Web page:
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How Much & How Often to Water Mums: Tips, Care, & Maintenance

watering chrysanthemum flowers

Chrysanthemums are one of the favorite flowering plants worldwide, loved for their decorative and ornamental flowers. To produce such breathtaking flowers, mums need a lot of care. You will need to be attentive and know all the basics. Other than learning how to adequately plant mums or the soil type they require for growth, another crucial factor is how much water you give them. This is the part where a slight exaggeration can mean everything.

To understand just how much water to give to your new chrysanthemum plant, it is essential to know what factors will affect it. The weather conditions, the soil drainage, and the development phase will affect the amount of water your mum will need. Read the rest of this article to find out precisely how much water they will require to thrive and the recommended frequency.

garden flower divider

Chrysanthemum Characteristics

chrysanthemum flowers
Photo Credit By: Piqsels
Botanical name Chrysanthemum x morifolium
Leaf color Green
Bloom color Variety of shades: white, yellow, orange, purple, red
Bloom time From September to frost
Size From 1 to 3 feet
Plant type Flowering perennial herb or subshrub
USDA Hardiness zones Zones 4–9
Soil requirement Neutral, rich, well-drained soil
Sun requirement Full sunlight to partial shade

Appearance and Types

Chrysanthemums are one of the most widespread flowering plants for gardens and indoor containers, with single or double flowers on each stem. Depending on the variety, these plants are usually perennial and grow gorgeous daisy-like or cushion-like flowers. There are over 40 different species of mums and countless varieties. Each variety of chrysanthemums has its unique characteristics, especially when it comes to flowers. Flower petals can be erect or droopy, wide or narrow, dense or lonely, and each variety shows something entirely new and different. The most popular varieties of chrysanthemums are:

  • Single Mum
  • Spider Mum
  • Quilled Mum
  • Anemone Mum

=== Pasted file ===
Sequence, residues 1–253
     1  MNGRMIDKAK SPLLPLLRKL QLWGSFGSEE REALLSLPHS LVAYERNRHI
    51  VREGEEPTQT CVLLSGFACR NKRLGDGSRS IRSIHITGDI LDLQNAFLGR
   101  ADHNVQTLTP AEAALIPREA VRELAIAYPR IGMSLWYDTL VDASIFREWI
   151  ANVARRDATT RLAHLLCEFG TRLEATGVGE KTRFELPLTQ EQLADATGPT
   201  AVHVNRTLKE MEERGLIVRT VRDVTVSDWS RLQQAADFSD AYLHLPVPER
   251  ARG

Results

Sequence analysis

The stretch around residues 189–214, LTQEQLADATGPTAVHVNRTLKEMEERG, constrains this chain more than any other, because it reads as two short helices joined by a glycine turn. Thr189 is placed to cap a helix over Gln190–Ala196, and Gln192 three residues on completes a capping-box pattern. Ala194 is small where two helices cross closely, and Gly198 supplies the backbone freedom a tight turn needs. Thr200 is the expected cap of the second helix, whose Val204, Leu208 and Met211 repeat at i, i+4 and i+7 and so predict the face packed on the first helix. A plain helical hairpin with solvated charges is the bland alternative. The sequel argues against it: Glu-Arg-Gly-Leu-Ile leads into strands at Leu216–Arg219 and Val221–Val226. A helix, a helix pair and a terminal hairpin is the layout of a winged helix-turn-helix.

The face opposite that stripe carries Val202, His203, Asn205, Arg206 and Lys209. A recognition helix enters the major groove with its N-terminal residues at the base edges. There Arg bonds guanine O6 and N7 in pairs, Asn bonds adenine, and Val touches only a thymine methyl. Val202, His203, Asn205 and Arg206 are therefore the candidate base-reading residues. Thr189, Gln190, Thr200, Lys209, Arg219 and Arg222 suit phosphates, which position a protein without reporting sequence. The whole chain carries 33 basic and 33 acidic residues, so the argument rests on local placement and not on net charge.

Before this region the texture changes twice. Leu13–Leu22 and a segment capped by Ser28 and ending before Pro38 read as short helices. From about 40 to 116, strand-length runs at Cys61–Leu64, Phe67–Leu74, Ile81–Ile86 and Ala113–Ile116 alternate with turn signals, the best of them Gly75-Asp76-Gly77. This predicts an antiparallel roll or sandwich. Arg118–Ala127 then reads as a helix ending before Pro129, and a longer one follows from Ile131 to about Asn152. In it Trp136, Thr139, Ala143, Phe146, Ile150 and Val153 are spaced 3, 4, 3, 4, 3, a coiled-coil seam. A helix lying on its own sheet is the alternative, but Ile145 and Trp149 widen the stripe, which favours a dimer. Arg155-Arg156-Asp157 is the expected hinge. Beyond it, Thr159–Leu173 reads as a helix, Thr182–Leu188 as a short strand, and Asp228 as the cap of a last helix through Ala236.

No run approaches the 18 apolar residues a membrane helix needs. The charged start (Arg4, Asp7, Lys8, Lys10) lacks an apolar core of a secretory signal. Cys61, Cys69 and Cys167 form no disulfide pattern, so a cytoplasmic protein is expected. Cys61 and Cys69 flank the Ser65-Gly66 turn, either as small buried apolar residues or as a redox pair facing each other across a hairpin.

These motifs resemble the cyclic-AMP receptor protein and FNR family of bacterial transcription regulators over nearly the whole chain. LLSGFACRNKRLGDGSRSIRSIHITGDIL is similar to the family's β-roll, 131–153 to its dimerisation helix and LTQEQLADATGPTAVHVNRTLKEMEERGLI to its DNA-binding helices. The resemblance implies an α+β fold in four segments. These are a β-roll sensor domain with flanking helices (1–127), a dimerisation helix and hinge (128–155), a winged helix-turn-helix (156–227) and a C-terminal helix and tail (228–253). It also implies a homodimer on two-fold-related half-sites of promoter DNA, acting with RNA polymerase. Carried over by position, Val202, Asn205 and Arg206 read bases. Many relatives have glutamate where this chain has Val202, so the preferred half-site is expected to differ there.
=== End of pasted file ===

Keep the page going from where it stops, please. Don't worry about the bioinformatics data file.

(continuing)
• Reflex and Incurve Mum
  • Pompon Mum
  • Decorative Mum
  • Thistle Mum
Photo Credit By: GoranH, Pixabay

Care and Maintenance

Caring for chrysanthemums is relatively easy once you get the hang of it. Maintenance is straightforward, depending on where you want to plant and grow mums. During summer, these stunning plants require frequent watering and evenly moist soil. Since these are sun-loving plants, it would be ideal to place them in a slightly shaded area during hot summers to prevent burning. It is necessary to provide mums with at least 6 hours of sunlight each day to promote their growth, blooming, and hardiness.

Risk and Diseases

No matter how diligent you are in caring for your chrysanthemums, specific problems are out of your control. Several fungi attack mums and cause leaf spots that present as yellow, dark brown, or black circles on the leaves. These fungi can also cause wilting, powdery mildew, ray blight, ray specks, and gray mold.

Other than fungus-related diseases, certain pests and viruses attack chrysanthemums. Pests like aphids, spider mites, and leafminers are common unwanted guests on chrysanthemum plants, although there are several natural ways to treat them.

When it comes to certain viruses—smut virus, mosaic virus, and tomato spotted wilt virus—they are usually without a cure. To prevent viruses from spreading to your other plants, destroying and disposing of the affected ones would be best.

aphids on plant in the garden
Photo Credit By: Paul Maguire, Shutterstock

Watering Habits